The story that touched me today happened early in the morning. I teach 7 am and 7:30 am classes twice a week. And this morning, as sluggish and tired from the day before, I made my way to the studio quarter to 7. And a little slender girl was waiting for me there.
She looked young and shy but I didn’t think much of it. Throughout the class I noticed how incredibly mobile she is, and her almost animal like angular big feet.
After class we talked a little and she told me she was 15, and she was a professional ballet dancer. It was her day off today, and unlike any people that I personally know, let alone a teenager, she told me she wanted to keep discipline, so she gets up early and go to yoga classes.
Before I realise, I blurted out and told her “oh, that’s why you have so nice feet”. She was a little shy, and said “they are not the prettiest, ballet ruined them”. She has these incredible, muscular feet. They are not the feet of a person with normal daily activities. They are big, strong, muscular and at some parts quite angular. Like she says, it’s not in anyway, the traditional pretty feet. But when I said that she had nice feet, I meant it. And I said it without even realising that was the choice of word that I used.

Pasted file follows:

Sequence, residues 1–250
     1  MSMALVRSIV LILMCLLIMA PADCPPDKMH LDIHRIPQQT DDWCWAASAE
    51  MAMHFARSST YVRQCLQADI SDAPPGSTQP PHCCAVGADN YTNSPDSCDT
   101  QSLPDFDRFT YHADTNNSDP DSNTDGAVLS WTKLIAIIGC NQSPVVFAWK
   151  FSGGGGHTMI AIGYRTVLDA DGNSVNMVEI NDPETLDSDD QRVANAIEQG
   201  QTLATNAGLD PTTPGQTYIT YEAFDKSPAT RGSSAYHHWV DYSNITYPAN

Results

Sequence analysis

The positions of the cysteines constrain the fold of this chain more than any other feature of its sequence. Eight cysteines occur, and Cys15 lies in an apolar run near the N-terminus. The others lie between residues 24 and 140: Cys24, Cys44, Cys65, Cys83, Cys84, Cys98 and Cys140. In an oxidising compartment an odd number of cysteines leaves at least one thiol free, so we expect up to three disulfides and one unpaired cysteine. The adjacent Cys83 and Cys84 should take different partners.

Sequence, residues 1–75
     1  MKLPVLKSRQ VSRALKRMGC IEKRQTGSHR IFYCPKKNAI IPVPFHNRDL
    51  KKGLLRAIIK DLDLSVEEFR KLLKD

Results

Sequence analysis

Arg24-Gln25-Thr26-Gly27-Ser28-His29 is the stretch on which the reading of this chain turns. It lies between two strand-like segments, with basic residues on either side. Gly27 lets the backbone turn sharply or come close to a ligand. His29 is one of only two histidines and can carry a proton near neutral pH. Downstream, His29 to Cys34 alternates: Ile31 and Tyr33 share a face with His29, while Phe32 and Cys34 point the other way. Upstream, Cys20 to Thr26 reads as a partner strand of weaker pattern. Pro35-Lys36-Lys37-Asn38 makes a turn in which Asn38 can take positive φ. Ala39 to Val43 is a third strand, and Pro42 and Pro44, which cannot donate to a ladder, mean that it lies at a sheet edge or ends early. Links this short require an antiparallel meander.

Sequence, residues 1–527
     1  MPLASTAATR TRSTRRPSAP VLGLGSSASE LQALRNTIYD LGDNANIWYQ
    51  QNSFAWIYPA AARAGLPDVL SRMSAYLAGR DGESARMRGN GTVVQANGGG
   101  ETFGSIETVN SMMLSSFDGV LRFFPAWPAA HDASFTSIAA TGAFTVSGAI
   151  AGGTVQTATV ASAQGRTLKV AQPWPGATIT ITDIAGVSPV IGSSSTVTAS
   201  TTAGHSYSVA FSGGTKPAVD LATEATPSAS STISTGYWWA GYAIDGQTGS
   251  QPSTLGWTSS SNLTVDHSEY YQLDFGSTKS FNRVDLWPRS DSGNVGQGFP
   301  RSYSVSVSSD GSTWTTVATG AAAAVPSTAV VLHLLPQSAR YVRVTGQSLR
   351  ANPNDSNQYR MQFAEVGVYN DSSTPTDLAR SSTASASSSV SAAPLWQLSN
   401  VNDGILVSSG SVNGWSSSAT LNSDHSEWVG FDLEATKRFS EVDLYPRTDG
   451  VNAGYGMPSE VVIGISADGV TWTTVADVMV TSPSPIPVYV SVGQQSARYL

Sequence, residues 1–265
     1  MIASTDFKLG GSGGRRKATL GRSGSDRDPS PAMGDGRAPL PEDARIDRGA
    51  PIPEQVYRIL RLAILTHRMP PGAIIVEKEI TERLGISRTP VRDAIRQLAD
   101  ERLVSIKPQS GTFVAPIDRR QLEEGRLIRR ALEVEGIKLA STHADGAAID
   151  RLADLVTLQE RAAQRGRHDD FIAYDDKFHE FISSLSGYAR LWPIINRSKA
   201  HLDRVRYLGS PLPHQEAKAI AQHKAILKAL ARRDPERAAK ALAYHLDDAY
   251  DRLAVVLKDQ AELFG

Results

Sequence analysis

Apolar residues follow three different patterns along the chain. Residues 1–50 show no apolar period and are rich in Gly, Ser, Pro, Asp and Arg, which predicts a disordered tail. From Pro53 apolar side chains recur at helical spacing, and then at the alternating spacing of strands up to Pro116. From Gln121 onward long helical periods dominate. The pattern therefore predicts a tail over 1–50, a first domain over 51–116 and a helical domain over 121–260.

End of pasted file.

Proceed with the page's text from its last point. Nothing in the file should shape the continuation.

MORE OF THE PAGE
And in the way to the other studio this afternoon, I found myself thinking about her. Thinking about being a teenage girl, who’s in her growing years and needing the most sleep, on a day off from her probably very intense professional training, wakes up at 6 something in the morning, and go to yoga. And then it strikes me that this little girl, she was there at the studio before I even do.
And I reflected on the kind of teenager I was – lazy, reckless, bad tempered. And sure as heck not fit or discipline in any way shape or form.
I have what my husband calls: feet that don’t walk very much and hands that never lifted. And here I am, absolutely humbled for her dedication, for her discipline, for her (what I assume) love for her passion.